Relevant Degree Programs
Affiliations to Research Centres, Institutes & Clusters
- Characterizing protein complexes involved in chromatin modification and epigenetic regulation
- Dissecting the regulatory mechanisms of autophagy degradation
- Investigating the molecular bases of rare diseases
Complete these steps before you reach out to a faculty member!
- Familiarize yourself with program requirements. You want to learn as much as possible from the information available to you before you reach out to a faculty member. Be sure to visit the graduate degree program listing and program-specific websites.
- Check whether the program requires you to seek commitment from a supervisor prior to submitting an application. For some programs this is an essential step while others match successful applicants with faculty members within the first year of study. This is either indicated in the program profile under "Admission Information & Requirements" - "Prepare Application" - "Supervision" or on the program website.
- Identify specific faculty members who are conducting research in your specific area of interest.
- Establish that your research interests align with the faculty member’s research interests.
- Read up on the faculty members in the program and the research being conducted in the department.
- Familiarize yourself with their work, read their recent publications and past theses/dissertations that they supervised. Be certain that their research is indeed what you are hoping to study.
- Compose an error-free and grammatically correct email addressed to your specifically targeted faculty member, and remember to use their correct titles.
- Do not send non-specific, mass emails to everyone in the department hoping for a match.
- Address the faculty members by name. Your contact should be genuine rather than generic.
- Include a brief outline of your academic background, why you are interested in working with the faculty member, and what experience you could bring to the department. The supervision enquiry form guides you with targeted questions. Ensure to craft compelling answers to these questions.
- Highlight your achievements and why you are a top student. Faculty members receive dozens of requests from prospective students and you may have less than 30 seconds to pique someone’s interest.
- Demonstrate that you are familiar with their research:
- Convey the specific ways you are a good fit for the program.
- Convey the specific ways the program/lab/faculty member is a good fit for the research you are interested in/already conducting.
- Be enthusiastic, but don’t overdo it.
G+PS regularly provides virtual sessions that focus on admission requirements and procedures and tips how to improve your application.
Graduate Student Supervision
Doctoral Student Supervision (Jan 2008 - May 2021)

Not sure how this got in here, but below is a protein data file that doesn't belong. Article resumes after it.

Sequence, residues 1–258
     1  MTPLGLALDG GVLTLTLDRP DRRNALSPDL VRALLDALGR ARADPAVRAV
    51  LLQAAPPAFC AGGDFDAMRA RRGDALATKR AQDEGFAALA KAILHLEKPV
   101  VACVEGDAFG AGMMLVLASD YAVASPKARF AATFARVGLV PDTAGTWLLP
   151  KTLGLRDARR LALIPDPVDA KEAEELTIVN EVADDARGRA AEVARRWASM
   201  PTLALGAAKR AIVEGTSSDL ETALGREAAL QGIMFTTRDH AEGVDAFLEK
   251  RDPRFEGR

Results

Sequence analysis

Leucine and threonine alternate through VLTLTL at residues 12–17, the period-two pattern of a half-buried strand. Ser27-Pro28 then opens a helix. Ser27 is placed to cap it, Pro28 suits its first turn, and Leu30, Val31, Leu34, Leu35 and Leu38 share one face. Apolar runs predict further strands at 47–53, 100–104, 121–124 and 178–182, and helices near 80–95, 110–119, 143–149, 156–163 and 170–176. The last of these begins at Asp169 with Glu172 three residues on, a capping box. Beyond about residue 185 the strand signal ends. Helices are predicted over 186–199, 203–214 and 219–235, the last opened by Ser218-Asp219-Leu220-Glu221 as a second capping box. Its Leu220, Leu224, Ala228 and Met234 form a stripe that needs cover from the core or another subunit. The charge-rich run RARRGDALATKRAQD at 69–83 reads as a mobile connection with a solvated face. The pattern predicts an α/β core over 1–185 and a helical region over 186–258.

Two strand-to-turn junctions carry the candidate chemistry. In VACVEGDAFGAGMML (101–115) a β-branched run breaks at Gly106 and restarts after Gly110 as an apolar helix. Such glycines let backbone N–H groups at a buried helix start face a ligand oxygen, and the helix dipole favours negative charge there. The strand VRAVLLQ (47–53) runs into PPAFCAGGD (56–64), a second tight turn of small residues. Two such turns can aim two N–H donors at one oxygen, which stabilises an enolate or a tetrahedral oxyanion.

Macroautophagy, often referred to as autophagy, is a non-selective degradation mechanism used by eukaryotic cells to recycle cytoplasmic material and maintain homeostasis. Upregulated under starvation to generate molecular building blocks for ongoing cellular processes, this pathway requires the coordinated action of six multi-protein complexes, the Atg1/ULK1 complex being the first. Although, the Atg1 complex has been extensively studied in Saccharomyces cerevisiae, far less is known about the biochemical and structural properties of its mammalian counterpart, the ULK1 complex. Unlike the S. cerevisiae Atg1 complex which contains five subunits (Atg1, Atg13, Atg17, Atg29, and Atg31), the ULK1 complex consists of four proteins (ULK1, FIP200/RB1CC1, ATG13, and ATG101) that are technically more challenging to study. In this thesis, I characterized the Atg1 complex from fission yeast, Schizosaccharomyces pombe, as the composition of proteins resembles the mammalian ULK1 complex but is more amenable to biochemical analyses. The Atg1 complex in S. pombe is composed of Atg1 (ULK1 counterpart), Atg13, Atg17 (FIP200 counterpart) and Atg101. We found that the interactions between Atg1, Atg17, and Atg13 are conserved while Atg101 does not replace Atg29 and Atg31. Instead, Atg101 binds to Atg1 and the HORMA domain of Atg13. Furthermore, Atg101 was previously shown to contain a conserved loop, termed the WF finger, postulated to bind and recruit downstream autophagy-related proteins and effectors. Using affinity purification mass spectrometry, we further investigated the potential interacting partners of S. pombe Atg101 under autophagy-inducing and non-inducing conditions. We obtained 625 proteins that co-purified with Atg101-GFP from cells grown in defined media. We used in vitro pairwise studies to confirm the interaction between Atg101 and prey proteins. 9 of the 16 proteins tested were confirmed including Fkh1, an FKBP-type peptidyl-prolyl cis-trans isomerase. We further explored the interaction interface between Atg101 and Fkh1 and found that the WF finger is required for the interaction in vitro. Although the S. cerevisiae Fkh1 homologue, FKBP12, interacts with rapamycin; Fkh1 it is not thought to be directly involved in autophagy. Collectively, our results give new insights into an Atg101-containing Atg1/ULK1 complex and reveals that Atg101’s function may span beyond autophagy.